- Briefing Room
U.S. Department of Transportation
Federal Highway Administration
1200 New Jersey Avenue, SE
Washington, DC 20590
|Accelerating Infrastructure Innovations|
Publication Number: FHWA-SA-97-023
Date: May 1997
Several years ago, the Asphalt Technical Working Group (TWG) challenged States and industry to implement the Superpave binder specification by 1997 and the volumetric mix design procedures by 2000. It was an aggressive schedule; after all, the Superpave specifications and procedures necessitated massive changes in the way States and industry did business. Asphalt suppliers would have to modify the way they tested and graded binders, highway agencies would have to rewrite their purchase specifications, engineers and technicians would have to become proficient in new devices and test methods, and contractors would have to learn how to deal with this unconventional mix design.
But through a carefully charted, broadly supported course of training, information dissemination, and pooled-fund purchases, these hurdles were overcome. Today, the first goal has been largely met: More than two-thirds of the States are already using the Superpave binder specification, and most of the remaining States will make the switch this year. And States and industry are well on their way to meeting the second goal: The Superpave volumetric mix design procedures, which employ the Superpave gyratory compactor to prepare trial mixes, were used on highway projects in two-thirds of the States in the 1996 construction season.
County and other local highway agencies across the United States are also making the transition to the Superpave system. With responsibility for most of the roads in this country, these agencies are eager to reap the benefits of more durable, longer-lasting asphalt pavements.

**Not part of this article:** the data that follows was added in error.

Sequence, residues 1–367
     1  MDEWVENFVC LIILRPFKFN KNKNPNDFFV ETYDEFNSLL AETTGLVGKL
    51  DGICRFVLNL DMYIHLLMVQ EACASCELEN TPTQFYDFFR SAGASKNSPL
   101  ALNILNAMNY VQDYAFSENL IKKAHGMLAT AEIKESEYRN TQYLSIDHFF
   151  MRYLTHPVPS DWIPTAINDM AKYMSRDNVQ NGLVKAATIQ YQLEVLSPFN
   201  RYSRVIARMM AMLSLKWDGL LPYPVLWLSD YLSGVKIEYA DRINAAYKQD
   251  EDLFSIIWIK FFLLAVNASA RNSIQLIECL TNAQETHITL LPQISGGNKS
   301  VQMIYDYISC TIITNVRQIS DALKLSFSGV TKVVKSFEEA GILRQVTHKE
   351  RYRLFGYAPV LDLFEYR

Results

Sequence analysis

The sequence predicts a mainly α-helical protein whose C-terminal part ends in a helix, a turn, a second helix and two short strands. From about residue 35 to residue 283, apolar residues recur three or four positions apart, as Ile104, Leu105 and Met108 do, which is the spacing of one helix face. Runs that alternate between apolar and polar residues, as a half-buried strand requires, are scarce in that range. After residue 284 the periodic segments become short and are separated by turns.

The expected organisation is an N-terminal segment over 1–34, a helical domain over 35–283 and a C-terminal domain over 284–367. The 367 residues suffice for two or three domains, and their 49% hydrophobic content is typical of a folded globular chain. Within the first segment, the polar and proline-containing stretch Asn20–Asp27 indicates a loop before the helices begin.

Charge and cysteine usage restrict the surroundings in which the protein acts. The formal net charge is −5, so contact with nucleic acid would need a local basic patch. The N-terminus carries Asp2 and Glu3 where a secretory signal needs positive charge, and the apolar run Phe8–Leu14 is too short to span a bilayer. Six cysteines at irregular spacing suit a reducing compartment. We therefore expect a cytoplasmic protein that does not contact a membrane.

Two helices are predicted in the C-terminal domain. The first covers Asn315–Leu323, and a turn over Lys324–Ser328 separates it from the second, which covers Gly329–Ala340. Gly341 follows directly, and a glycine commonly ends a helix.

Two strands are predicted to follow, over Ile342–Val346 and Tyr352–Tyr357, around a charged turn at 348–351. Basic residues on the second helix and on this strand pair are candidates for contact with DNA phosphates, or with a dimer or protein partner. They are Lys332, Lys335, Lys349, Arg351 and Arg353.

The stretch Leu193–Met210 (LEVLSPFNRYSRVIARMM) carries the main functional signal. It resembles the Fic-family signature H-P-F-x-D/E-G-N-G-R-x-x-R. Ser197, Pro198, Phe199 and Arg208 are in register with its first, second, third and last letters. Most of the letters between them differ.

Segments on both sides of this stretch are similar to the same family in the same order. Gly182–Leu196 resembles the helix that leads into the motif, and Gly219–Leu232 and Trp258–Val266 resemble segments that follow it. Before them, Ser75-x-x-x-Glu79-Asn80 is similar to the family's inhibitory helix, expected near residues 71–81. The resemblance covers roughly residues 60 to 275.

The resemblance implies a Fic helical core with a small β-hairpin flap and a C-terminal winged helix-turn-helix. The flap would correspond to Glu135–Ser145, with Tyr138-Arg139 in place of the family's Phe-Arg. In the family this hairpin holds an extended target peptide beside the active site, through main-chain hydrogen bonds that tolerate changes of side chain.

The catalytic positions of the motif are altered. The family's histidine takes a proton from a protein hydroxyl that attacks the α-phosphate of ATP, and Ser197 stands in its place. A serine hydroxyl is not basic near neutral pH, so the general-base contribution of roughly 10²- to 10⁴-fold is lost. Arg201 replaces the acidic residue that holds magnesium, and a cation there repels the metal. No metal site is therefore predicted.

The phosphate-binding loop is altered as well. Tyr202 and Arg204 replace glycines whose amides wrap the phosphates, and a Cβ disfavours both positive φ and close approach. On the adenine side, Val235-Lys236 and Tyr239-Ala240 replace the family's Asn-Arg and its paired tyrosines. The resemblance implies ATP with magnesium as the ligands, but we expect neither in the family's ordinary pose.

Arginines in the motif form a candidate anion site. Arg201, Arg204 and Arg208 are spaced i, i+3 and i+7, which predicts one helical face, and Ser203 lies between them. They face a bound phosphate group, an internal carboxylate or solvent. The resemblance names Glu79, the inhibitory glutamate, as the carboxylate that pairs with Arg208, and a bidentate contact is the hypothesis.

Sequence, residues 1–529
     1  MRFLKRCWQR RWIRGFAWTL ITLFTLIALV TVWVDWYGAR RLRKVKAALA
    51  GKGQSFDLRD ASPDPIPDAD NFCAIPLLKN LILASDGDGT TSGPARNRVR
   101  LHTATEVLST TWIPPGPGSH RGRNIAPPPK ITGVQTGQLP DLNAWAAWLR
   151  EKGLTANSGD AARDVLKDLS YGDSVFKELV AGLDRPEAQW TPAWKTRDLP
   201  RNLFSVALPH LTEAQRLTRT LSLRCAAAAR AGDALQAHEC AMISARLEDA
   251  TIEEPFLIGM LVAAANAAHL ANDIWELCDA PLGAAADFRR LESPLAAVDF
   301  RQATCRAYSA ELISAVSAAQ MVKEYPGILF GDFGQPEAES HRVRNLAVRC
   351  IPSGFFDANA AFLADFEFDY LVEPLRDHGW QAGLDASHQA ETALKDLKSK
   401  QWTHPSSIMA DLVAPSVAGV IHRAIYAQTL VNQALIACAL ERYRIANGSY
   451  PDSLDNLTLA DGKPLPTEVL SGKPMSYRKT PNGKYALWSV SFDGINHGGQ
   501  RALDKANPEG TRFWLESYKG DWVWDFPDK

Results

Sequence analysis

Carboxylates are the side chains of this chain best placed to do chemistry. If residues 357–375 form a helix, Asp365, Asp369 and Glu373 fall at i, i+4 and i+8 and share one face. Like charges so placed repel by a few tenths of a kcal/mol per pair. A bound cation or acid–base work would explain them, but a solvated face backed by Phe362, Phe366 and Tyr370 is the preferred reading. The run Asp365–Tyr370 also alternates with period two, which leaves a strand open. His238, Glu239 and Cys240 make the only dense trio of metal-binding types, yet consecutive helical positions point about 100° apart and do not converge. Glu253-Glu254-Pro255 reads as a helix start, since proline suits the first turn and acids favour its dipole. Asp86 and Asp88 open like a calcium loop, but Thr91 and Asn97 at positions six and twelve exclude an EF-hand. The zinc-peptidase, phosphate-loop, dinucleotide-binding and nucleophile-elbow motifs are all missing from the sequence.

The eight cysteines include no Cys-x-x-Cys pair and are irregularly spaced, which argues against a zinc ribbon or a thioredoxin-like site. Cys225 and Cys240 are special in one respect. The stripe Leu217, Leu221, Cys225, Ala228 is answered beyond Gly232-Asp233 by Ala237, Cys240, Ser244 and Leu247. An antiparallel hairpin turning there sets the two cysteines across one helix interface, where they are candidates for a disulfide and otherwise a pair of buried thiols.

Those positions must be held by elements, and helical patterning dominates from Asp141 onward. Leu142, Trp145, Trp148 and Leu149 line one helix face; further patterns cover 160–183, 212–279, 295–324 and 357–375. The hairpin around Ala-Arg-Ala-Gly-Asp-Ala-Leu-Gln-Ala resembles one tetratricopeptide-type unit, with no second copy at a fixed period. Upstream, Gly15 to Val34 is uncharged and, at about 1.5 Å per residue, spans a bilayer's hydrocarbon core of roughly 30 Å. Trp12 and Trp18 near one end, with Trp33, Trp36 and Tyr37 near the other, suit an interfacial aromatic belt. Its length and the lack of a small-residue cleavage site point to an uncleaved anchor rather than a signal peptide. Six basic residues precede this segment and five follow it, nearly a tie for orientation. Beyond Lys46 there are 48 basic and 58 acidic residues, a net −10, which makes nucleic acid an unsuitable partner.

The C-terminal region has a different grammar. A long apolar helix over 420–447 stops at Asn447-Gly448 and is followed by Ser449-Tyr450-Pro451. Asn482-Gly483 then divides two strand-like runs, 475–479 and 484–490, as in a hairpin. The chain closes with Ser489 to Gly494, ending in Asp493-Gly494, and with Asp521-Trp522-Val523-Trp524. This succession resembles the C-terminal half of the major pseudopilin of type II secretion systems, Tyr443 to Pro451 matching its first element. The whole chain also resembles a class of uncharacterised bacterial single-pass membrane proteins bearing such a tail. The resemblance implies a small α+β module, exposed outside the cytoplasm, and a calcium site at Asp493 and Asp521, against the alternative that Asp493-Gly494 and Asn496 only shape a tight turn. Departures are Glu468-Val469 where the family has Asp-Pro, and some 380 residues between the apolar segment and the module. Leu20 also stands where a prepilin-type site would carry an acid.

The foundation of the Superpave system-namely, the improved binder specifications and mix design procedures-is already well established, but the system will continue to evolve and expand over the next decade (see timeline). To bring leaders in the highway industry up to date on the planned evolution of the Superpave system, FHWA Executive Director Tony Kane and members of the agency's Superpave Technology Delivery Team recently met with representatives from the Asphalt Institute, National Asphalt Pavement Association (NAPA), Transportation Research Board, American Association of State Highway and Transportation Officials, and Superpave Lead States team. This article summarizes the items covered in that meeting.
A preliminary release of Version 2.0 of the Windows 95-based Superpave software will be available next month. It will include step-by-step procedures for the Superpave volumetric mix design process. The final release of Version 2.0, to be available in fall 1997, will include a module for analyzing reclaimed asphalt pavement and a field management module, which can be used to ensure that the asphalt mix delivered to a job site matches the job mix specifications.
The Superpave software was originally conceived under the Strategic Highway Research Program (SHRP), by teams of researchers from the Texas Transportation Institute, University of California-Berkeley, Pennsylvania State University, and University of Florida. Version 1.0 was released as a prototype in 1996. Since then, under an FHWA contract, a team headed by Matt Witczak at the University of Maryland (UM) has refined, enhanced, and improved the software to make it easier to use and to take advantage of the computer processing power and operating systems now readily available.